The Napa Earthquake: Showing the Spirit of Cooperation

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You’ve seen the photos: barrels toppled into chaotic heaps and rivers of red wine running though floors strewn with the glass shards of broken bottles. As Napa struggles to recover from Sunday morning’s 6.0 earthquake, the valley’s well-known spirit of cooperation amongst its wineries is once again shining.

We were one of the lucky ones: our winery was unscathed and the only sign of the earthquake was a slight shift in the barrels stacked six high floor-to-ceiling. Our wine inventory, which sits in a warehouse just a quarter mile from the epicenter, remains fine. You can bet we’re counting our lucky stars.

About 80% of the wineries in Napa fared well through the earthquake with little or no damage. But for the ones that did suffer damage, the timing was about as bad as it gets. With harvest having arrived about two weeks earlier than normal, and what looks like an exceptional-quality vintage in store, wineries across the valley were in full-action mode when the earthquake hit. Newly harvested juice is undergoing fermentation, a process that needs to be watched and controlled carefully for the best outcome. And new loads of beautiful quality grapes are coming in daily, whether or not wineries have recovered enough to resume harvest.

But this is where the Napa wine industry shines: there is a long-held spirit of professional cooperation here, which means that this week all hands are on deck helping our fellow vintners restore power, clean up barrel rooms and fix equipment so that harvest can continue. No one wants to see a fellow vintner have to miss out on an excellent harvest, one that last week we were all so excited about.

Most vintners attribute the spirit of professional cooperation in the Napa wine industry to Robert Mondavi. He always had a generous “we’re all in this together” approach to building the valley’s reputation as one of the world’s premier wine regions, recognizing that he couldn’t successfully build his own winery’s reputation without first promoting the region as a whole. There are well-known stories amongst the older generation of vintners of Bob Mondavi pitching in to help fellow vintners down on their luck, lending his equipment or doing whatever he could to help rescue a neighbor. Something tells me that at a time like this, he and his legendary generosity would really shine.

Are We Looking at a “Three-peat”?

Sauvignon Blanc grapes from the Laurent Vineyard in St. Helena ready for crush at Amici Cellars.

Sauvignon Blanc grapes from Laurent Vineyard in St. Helena ready for crush at Amici Cellars.

That’s the question on everyone’s lips these days as we start harvest under what appears, for now, to be ideal conditions for a third year in a row. After the banner vintages of 2012 and 2013, which delighted everyone with exceptionally high yields and gorgeous, complex flavors, vintners across the valley are knocking on wood after daring to hope that we just may be in for yet another ideal vintage.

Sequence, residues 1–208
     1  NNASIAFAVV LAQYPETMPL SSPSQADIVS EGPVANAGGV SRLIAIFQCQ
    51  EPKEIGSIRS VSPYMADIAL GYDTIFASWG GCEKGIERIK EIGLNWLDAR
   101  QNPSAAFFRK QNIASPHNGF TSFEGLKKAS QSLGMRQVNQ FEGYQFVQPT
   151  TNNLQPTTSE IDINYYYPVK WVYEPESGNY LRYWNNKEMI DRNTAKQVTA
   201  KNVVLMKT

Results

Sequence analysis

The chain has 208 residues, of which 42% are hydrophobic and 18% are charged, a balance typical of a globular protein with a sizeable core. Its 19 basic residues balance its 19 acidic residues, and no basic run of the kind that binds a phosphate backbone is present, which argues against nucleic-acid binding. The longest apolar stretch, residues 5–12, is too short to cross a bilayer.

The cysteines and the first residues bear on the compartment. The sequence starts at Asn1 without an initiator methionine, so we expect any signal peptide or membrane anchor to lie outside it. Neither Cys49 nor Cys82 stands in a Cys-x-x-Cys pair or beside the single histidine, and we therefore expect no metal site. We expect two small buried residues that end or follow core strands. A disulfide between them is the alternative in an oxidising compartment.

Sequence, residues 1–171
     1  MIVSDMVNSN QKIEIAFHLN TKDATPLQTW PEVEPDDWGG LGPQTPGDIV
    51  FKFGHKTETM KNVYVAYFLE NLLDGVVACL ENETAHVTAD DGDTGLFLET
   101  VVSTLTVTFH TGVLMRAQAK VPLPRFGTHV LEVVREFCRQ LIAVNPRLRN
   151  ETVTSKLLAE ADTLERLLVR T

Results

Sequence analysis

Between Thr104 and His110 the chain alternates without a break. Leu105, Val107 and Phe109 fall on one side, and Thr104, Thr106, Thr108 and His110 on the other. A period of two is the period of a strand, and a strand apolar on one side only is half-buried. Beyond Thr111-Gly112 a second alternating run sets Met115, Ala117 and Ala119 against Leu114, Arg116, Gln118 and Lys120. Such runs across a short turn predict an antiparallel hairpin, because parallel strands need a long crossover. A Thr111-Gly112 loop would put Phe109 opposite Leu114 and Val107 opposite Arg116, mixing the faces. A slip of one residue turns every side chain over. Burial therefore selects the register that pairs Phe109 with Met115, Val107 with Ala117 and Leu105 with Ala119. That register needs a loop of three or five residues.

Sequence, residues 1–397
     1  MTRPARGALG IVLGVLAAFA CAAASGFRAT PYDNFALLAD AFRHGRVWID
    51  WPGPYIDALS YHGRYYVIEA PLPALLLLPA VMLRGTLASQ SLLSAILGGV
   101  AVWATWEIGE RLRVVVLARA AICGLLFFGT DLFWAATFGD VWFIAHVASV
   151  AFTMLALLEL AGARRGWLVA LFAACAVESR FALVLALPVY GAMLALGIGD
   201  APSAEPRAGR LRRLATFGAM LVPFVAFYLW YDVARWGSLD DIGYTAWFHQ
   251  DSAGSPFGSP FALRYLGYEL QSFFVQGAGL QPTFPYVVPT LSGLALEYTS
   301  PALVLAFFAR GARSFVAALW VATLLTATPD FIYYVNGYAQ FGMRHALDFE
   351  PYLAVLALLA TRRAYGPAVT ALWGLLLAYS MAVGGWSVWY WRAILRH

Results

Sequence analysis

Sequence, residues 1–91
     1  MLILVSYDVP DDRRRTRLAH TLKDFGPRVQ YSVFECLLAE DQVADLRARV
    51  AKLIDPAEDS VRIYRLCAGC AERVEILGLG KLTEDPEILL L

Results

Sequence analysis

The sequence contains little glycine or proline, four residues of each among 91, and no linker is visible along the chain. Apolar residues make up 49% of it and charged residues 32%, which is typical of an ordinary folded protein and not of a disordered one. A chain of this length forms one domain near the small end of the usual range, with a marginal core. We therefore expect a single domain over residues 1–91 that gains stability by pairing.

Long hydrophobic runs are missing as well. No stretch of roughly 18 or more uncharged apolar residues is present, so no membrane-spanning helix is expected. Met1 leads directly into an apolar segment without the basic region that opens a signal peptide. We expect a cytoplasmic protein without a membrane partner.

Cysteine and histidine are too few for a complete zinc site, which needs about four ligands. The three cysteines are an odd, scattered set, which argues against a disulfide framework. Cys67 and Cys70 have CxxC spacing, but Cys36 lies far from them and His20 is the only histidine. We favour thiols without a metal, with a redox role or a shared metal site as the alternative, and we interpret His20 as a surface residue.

At Amici we kicked off harvest last week, bringing in our Sauvignon Blanc from St. Helena and Rutherford. “Everything looks absolutely perfect right now,” says winemaker Joel Aiken. “The flavors and the sugars in the grapes are ideal. We’re bringing in the Sauv Blanc at 23 brix and are starting another fermentation today.” This year’s harvest is about two weeks earlier than normal.

The current weather of foggy mornings and warm days in the mid-80’s is ideal for this time of year. The red varietals, which are still on the vine, are enjoying slow, even ripening in the sunny days and cool mornings, allowing complex flavors to develop without the threat of sunburn or rains. And although this past winter was one of the driest on record, the springs rains that did come were in February and March, at just the right time to create slow and steady growing conditions perfect for a high-quality crop.

Joel estimates that if the weather stays consistent, we’ll start bringing in our Cabernet grapes early to mid-September. Stay tuned for more harvest updates!

Announcing our Newest Pinot Noir — It’s a Game Changer!

What are you used to paying for that killer Pinot Noir from Sonoma that you love so much? $40? $50?  What if we told you that you could have a Pinot that good (maybe better) for $20? Seriously.

ImageAnnouncing the newest member of the Amici family: the 2012 Olema Pinot Noir. This is some exciting stuff: a Sonoma Pinot Noir for $20 that tastes fantastic? That’s a game changer. We promise you, this wine competes way above its weight class. A blend of 80% Pinot Noir grapes from Russian River Valley with 20% from premier vineyards in Sonoma County, this Pinot features the classic Russian River Valley characteristics of perfumed aromas and bright, focused red fruit flavors framed by delicate tannins.

That perfect 2012 vintage has created some of the best Pinot Noirs to come out of Sonoma County. The 2012 Olema Pinot Noir opens with a burst of beautiful berries intertwined with sweet florals on the nose. Flavors of cherry, cola and raspberry with a hint of sweet vanilla and a silky smooth mouthfeel make it a deliciously drinkable wine.

If you want to check it out for yourself, you can find it on our website.

What to Expect from the 2013 Vintage (Hint: Expect a lot!)

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This morning’s harvest on a crisp, beautiful morning atop Spring Mountain

Last year at this time all anyone could talk about was how 2012 was a great year.  Well, then, what does that make 2013?  There’s only one answer:  a really, really great year.